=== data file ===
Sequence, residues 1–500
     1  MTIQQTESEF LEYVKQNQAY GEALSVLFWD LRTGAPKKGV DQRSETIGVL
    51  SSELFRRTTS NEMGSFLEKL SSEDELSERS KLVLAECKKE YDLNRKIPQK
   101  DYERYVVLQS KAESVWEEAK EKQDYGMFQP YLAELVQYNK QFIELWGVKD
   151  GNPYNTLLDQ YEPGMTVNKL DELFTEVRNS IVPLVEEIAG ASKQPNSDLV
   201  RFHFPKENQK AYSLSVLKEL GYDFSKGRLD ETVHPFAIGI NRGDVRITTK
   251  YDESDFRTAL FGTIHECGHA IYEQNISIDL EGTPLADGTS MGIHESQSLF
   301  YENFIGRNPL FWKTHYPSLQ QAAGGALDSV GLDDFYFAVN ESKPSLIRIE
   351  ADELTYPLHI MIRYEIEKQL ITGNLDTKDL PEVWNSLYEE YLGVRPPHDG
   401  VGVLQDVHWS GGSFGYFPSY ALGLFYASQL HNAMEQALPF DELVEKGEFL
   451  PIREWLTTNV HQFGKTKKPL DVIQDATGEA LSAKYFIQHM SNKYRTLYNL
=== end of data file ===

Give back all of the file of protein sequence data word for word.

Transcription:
Sequence, residues 1–500
     1  MTIQQTESEF LEYVKQNQAY GEALSVLFWD LRTGAPKKGV DQRSETIGVL
    51  SSELFRRTTS NEMGSFLEKL SSEDELSERS KLVLAECKKE YDLNRKIPQK
   101  DYERYVVLQS KAESVWEEAK EKQDYGMFQP YLAELVQYNK QFIELWGVKD
   151  GNPYNTLLDQ YEPGMTVNKL DELFTEVRNS IVPLVEEIAG ASKQPNSDLV
   201  RFHFPKENQK AYSLSVLKEL GYDFSKGRLD ETVHPFAIGI NRGDVRITTK
   251  YDESDFRTAL FGTIHECGHA IYEQNISIDL EGTPLADGTS MGIHESQSLF
   301  YENFIGRNPL FWKTHYPSLQ QAAGGALDSV GLDDFYFAVN ESKPSLIRIE
   351  ADELTYPLHI MIRYEIEKQL ITGNLDTKDL PEVWNSLYEE YLGVRPPHDG
   401  VGVLQDVHWS GGSFGYFPSY ALGLFYASQL HNAMEQALPF DELVEKGEFL
   451  PIREWLTTNV HQFGKTKKPL DVIQDATGEA LSAKYFIQHM SNKYRTLYNL